We conclude previewing the Central Division with the Milwaukee Bucks. You can read past previews here.
Just a year ago, much of the focus of the Milwaukee Bucks centered on rookie Yi Jianlian, who through more fault of his Chinese “handlers” than his own had pinned the prissiness meter before lacing a single sneaker Stateside. First, the Fric-and-Frac administrative duo of owner Herb Kohl and GM Larry Harris went all UN on the Walled-off Yi by flying to China and demanding (translation: begging) Yi play for the Bucks. Soon rumors spread of a “minutes guarantee” offered, securing that the Buddhist would ball for Beertown.
Then there was all the ninnied hand-wringing over whether Yi could blend in with Milwaukee’s apparently burgeoning Asian populace, speculation that no team could afford to carry two seven-footers (Yi and Chaz Villanueva) allergic to the paint, and how to translate the triangle offense into Mandarin.
You can see where this headed. The Buccos were so captivated by off-court drama, they forgot to play basketball. The absentmindedness ended up costing both Harris and rookie coach Larry Krystkowiak their jobs.
While last year’s forecast for the Brew Crew was tabbed as a bit too dour by some savvy SLAM readers, its anticipation of all-out disaster—a chronically-soft team being bred for D, the triangle offense trotted out on the fly, only 10 wins by the Chinese New Year—proved astute. The Bucks were a mess, start to finish.
It’s a new era in Milwaukee, and even in light of the Grizzlyesque giveaway of Mo Williams—arguably the Buccos’ top clutch and only true playmaker a season ago—prospects are significantly brighter heading into 2008-09.
Change started at the top. After flirting with several East and West Coast teams over the years eager to steal away a top-flight talent evaluator, John Hammond chose to shuffle a couple of hundred miles west to Milwaukee for his first GM job. After building the strongest and most consistent East team over the past decade with Joe Dumars in Detroit, Hammond has set his sights on applying the Pistons Method to former division rival Milwaukee.
Hammond’s first move was to fire Coach K, who dropped the triangle as quickly as he picked it up because, get this, Senator Kohl didn’t like it. His replacement was quickly found, right on Milwaukee’s doorstep, in feistmeister Scott Skiles. There’s not a pundit out there who doesn’t claim Skiles burns through teams like Donatello Trump burns Benjamins, but it was a much more damning situation in Chicago than hothead-heads-out: Skiles lost the Bulls, in just two full seasons as coach. While it says more about the shameful lack of constitution among the Bullies than it does Skiles’ infamous impatience (“Q: Scott, what can Eddy Curry do to get more rebounds in this series? A: He could start by jumping.” Favorite. Retort. Ever.), if the Bucks flag in a couple of years and R-Jeff is getting ready to jump, expect a U-Haul to be backing up to Casa Skiles.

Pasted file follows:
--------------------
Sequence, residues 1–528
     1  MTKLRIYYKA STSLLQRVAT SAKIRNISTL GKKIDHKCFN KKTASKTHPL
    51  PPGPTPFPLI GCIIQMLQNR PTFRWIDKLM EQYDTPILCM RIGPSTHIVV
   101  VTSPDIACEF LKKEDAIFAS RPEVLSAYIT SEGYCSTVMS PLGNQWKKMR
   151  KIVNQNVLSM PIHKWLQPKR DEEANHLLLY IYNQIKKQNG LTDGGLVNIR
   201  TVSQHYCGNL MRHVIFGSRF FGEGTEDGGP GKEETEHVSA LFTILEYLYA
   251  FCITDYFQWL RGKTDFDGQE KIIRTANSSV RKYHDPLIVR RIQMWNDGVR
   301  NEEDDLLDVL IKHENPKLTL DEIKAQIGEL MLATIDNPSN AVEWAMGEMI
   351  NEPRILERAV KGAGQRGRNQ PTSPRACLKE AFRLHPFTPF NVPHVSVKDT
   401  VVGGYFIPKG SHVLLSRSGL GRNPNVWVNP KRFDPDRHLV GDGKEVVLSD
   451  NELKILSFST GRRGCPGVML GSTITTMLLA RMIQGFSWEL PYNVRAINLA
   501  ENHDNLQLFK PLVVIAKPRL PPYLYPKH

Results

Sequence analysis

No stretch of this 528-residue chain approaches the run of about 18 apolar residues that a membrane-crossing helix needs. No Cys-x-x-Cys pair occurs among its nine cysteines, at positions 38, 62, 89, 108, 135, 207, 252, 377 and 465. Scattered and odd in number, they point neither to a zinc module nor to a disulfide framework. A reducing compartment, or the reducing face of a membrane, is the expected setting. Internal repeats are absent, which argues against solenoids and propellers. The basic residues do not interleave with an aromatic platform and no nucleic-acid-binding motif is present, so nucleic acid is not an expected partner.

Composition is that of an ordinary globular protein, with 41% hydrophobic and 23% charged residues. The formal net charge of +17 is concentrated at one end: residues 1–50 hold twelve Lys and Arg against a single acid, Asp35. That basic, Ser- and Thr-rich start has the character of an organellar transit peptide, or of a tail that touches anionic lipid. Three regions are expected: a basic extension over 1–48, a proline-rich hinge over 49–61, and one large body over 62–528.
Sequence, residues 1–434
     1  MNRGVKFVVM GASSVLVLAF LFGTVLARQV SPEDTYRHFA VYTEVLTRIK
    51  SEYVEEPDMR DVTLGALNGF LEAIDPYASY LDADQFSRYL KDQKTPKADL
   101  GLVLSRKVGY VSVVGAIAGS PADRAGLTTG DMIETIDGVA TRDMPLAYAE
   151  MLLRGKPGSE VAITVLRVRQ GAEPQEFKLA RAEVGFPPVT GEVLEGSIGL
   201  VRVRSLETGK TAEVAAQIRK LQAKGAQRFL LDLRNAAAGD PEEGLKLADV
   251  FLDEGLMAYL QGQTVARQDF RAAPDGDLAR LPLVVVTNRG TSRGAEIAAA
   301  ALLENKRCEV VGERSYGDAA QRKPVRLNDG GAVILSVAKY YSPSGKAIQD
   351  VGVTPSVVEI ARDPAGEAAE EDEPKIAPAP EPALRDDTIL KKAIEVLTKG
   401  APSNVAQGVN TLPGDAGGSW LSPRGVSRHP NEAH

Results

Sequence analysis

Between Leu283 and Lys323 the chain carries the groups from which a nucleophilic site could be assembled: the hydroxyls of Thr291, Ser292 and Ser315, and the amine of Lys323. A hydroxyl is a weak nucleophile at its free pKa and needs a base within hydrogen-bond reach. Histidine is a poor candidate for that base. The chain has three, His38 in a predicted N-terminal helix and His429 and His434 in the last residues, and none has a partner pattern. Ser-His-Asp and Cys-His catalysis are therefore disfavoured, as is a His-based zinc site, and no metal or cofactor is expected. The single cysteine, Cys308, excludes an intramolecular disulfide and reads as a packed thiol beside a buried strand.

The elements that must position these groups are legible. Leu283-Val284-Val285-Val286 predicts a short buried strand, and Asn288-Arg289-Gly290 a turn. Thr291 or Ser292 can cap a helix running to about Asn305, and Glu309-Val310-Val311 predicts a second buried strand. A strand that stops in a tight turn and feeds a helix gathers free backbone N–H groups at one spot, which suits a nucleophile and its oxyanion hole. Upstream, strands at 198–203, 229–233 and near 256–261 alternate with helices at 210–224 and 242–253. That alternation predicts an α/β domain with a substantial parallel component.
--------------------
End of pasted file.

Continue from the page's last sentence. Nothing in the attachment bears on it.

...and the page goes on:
Still, Skiles will get the most out of a Bucks team that’s in transition but on the upswing, much as was the case with the Chicago club he led to a sweep of the defending champion Miami Heat in 2006.
With the “easy” part of Milwaukee’s makeover in the books, Hammond turned to the trading table to trim dead weight and lighten his club’s cap load. He made an auspicious debut in dealing Yi and Bobby Simmons to the New Jersey Nets for Richard Jefferson. As a 20-year-old rookie, Yi did not impress, earning unmerited time ahead of Villanueva and putting up 8.6 points and 5.2 rebounds, shooting .421, and failing to eke out even one assist per game. Natch, Yi is a project, but his best rookie season comps landed somewhere near Derrick Gervin and Sylvester Gray. If you wonder who Gervin and Gray are, that’s exactly the reason why Yi will not inspire fear in the heart of the Eastern Conference anytime soon.
Jefferson immediately steps into the role of team leader, giving him an honor and responsibility that he never had while playing in the shadows of Jason Kidd and Vince Carter in Jersey. His stat-sheet filling nature gives Milwaukee a player they haven’t had since, lord have mercy, Marques Johnson. R-Jeff scored a career-high 22.6 points for the Nets last season, but perhaps more importantly set a career high of 3,199 minutes and playing in every game. A healthy Jefferson, who has averaged less than 70 games per season in his career, is crucial to Milwaukee’s playoff hopes.